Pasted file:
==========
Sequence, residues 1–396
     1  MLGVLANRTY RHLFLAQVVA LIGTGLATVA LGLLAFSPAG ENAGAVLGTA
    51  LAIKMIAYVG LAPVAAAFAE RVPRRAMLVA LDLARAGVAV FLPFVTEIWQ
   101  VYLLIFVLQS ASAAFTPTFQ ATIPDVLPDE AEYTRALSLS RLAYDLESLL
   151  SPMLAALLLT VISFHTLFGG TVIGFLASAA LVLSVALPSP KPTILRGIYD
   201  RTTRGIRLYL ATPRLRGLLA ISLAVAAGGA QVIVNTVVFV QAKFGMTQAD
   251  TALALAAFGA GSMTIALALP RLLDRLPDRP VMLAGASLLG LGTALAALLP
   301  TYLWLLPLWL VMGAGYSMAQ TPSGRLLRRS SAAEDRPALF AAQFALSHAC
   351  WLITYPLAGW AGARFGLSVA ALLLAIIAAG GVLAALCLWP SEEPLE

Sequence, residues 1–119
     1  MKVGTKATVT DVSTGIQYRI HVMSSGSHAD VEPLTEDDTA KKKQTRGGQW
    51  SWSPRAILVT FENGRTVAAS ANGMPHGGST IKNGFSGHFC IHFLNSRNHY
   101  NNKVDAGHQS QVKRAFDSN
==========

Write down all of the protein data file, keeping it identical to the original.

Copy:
Sequence, residues 1–396
     1  MLGVLANRTY RHLFLAQVVA LIGTGLATVA LGLLAFSPAG ENAGAVLGTA
    51  LAIKMIAYVG LAPVAAAFAE RVPRRAMLVA LDLARAGVAV FLPFVTEIWQ
   101  VYLLIFVLQS ASAAFTPTFQ ATIPDVLPDE AEYTRALSLS RLAYDLESLL
   151  SPMLAALLLT VISFHTLFGG TVIGFLASAA LVLSVALPSP KPTILRGIYD
   201  RTTRGIRLYL ATPRLRGLLA ISLAVAAGGA QVIVNTVVFV QAKFGMTQAD
   251  TALALAAFGA GSMTIALALP RLLDRLPDRP VMLAGASLLG LGTALAALLP
   301  TYLWLLPLWL VMGAGYSMAQ TPSGRLLRRS SAAEDRPALF AAQFALSHAC
   351  WLITYPLAGW AGARFGLSVA ALLLAIIAAG GVLAALCLWP SEEPLE

Sequence, residues 1–119
     1  MKVGTKATVT DVSTGIQYRI HVMSSGSHAD VEPLTEDDTA KKKQTRGGQW
    51  SWSPRAILVT FENGRTVAAS ANGMPHGGST IKNGFSGHFC IHFLNSRNHY
   101  NNKVDAGHQS QVKRAFDSN